Is it any wonder the traffic down Route 1 along the eastern coast of Florida seems to get worse and worse all the time? Our state is a magnet for our fellow citizens fleeing high-tax states such as California, New Jersey, and New York.
Sure, Florida has always attracted plenty of snowbirds, but now that American taxpayers are no longer footing the bill for subsidies to states with sky-high tax rates, this is becoming a more attractive destination for full-time residents than ever before.
The Tax Cuts and Jobs Act, which the president shepherded through Congress in 2017, has been the single most significant contributor to Florida’s newfound prosperity, saving the average Floridian over $1,300 on his or her their federal income taxes last year and creating strong incentives for businesses to expand operations and create new jobs.
Under Donald Trump’s pro-growth economic agenda, Florida’s economy has been booming. Since the president took office, our GDP has crossed the trillion-dollar mark, the state unemployment rate has fallen to an incredibly low 3.5 percent, and people have begun flocking to our state in droves.
By capping the State and Local Tax (SALT) deduction, a federal tax credit that primarily benefits people who pay high state and local taxes, President Trump’s historic tax cuts also ushered in a new era of growth for Florida. Before the Trump administration’s landmark reforms, the SALT deduction incentivized high-tax states to continue their fiscal mismanagement, shifting part of the burden of high state and local taxes onto taxpayers in every other state.
Limiting the SALT deduction dramatically reduces the penalty for states with responsible tax regimes, while simultaneously making them more attractive destinations for residents of high-tax states who can no longer count on taxpayers elsewhere in the country to offset the high cost of their tax bills. States are in proper competition with one another again, which has been a huge boon to low-tax states such as ours.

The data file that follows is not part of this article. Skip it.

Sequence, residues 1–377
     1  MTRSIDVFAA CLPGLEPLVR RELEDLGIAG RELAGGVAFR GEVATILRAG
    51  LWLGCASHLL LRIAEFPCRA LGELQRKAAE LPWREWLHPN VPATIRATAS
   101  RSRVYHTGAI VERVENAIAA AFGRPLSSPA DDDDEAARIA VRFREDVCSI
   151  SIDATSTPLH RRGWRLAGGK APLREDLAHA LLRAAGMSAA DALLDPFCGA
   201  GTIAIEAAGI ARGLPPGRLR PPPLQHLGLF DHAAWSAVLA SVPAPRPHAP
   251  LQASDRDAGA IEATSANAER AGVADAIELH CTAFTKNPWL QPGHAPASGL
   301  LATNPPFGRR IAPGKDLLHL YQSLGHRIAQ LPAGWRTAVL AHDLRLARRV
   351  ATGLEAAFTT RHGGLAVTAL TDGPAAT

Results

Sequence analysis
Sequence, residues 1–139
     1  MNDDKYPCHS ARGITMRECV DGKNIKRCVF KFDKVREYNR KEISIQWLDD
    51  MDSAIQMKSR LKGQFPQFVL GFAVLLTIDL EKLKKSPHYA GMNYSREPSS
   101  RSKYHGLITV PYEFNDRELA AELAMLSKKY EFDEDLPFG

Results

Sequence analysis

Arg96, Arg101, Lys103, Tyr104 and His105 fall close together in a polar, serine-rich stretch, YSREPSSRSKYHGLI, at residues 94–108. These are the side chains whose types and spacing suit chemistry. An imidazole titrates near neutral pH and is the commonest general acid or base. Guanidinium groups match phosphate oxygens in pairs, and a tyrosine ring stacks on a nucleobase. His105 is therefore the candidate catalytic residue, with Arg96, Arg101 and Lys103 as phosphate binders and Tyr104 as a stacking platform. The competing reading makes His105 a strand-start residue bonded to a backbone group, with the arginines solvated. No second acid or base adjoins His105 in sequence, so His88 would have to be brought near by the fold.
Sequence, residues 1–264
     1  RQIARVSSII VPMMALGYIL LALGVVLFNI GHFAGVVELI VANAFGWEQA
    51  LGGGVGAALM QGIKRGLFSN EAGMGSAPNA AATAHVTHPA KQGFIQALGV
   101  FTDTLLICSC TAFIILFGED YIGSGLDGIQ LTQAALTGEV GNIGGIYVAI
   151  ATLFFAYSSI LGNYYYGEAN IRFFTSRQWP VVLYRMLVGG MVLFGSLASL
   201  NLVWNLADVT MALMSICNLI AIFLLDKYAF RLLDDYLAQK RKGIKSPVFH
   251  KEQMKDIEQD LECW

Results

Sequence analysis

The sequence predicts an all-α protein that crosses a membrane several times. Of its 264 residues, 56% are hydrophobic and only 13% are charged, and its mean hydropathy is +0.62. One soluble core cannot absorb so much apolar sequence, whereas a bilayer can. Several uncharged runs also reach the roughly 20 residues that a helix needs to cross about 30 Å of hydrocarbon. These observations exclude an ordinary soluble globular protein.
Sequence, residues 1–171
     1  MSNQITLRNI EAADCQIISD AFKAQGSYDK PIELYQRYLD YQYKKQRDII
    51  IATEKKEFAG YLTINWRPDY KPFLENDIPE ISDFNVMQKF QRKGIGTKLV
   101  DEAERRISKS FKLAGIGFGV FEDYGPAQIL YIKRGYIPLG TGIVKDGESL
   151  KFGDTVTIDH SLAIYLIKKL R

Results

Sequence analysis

With decreased federal subsidies, Americans in blue states such as New York are finally bearing the full cost of their outrageous state and local tax rates, and many taxpayers are deciding that it’s just not worth it. Florida, which boasts economic opportunities easily rivaling those of New York but imposes no state income tax, is an obvious destination for people fleeing tax-happy blue states. This is great news for us, offering a significant boost to economic growth.
State government economists anticipate that Florida will gain more than 330,000 new residents per year between 2018 and 2024, or more than 900 per day. As the Orlando Weekly mentions, that’s like adding a city the size of Orlando to the state every single year. Really, though, the situation is more analogous to adding the population of Riverside, California to this state on an annual basis.
That’s a lot of people, and they’re bringing their wealth and talents with them.
A recent study based on IRS data from 2016, before Trump’s tax cuts took effect, found that Florida gained more than $17 billion in Aggregated Gross Income from in-migration from other states, significantly more than any other state in the country. The influx of new residents resulting from the cap on SALT deductions will only increase that figure in future years.
Residents are fleeing high-tax states now that they’ve lost their subsidies from Florida and other fiscally responsible states. The snowbirds are coming home to roost permanently, but that’s not a bad thing — in fact, it’s tremendous news for Florida’s economy in the long run.
Julio Gonzalez founded Engineered Tax Services.
- Dr. Miriam Ramírez: Dan Webster Should Support the Puerto Rico Statehood Admission Act - 09.03.21
- Tom Wheeler: Florida Legislature Needs to Focus on Property Insurance Reform - 09.02.21
- Dr. S. J. Giorgianni, Jr.: Booster Vaccinations are an Important Tool to Continue COVID-19 Protection - 08.25.21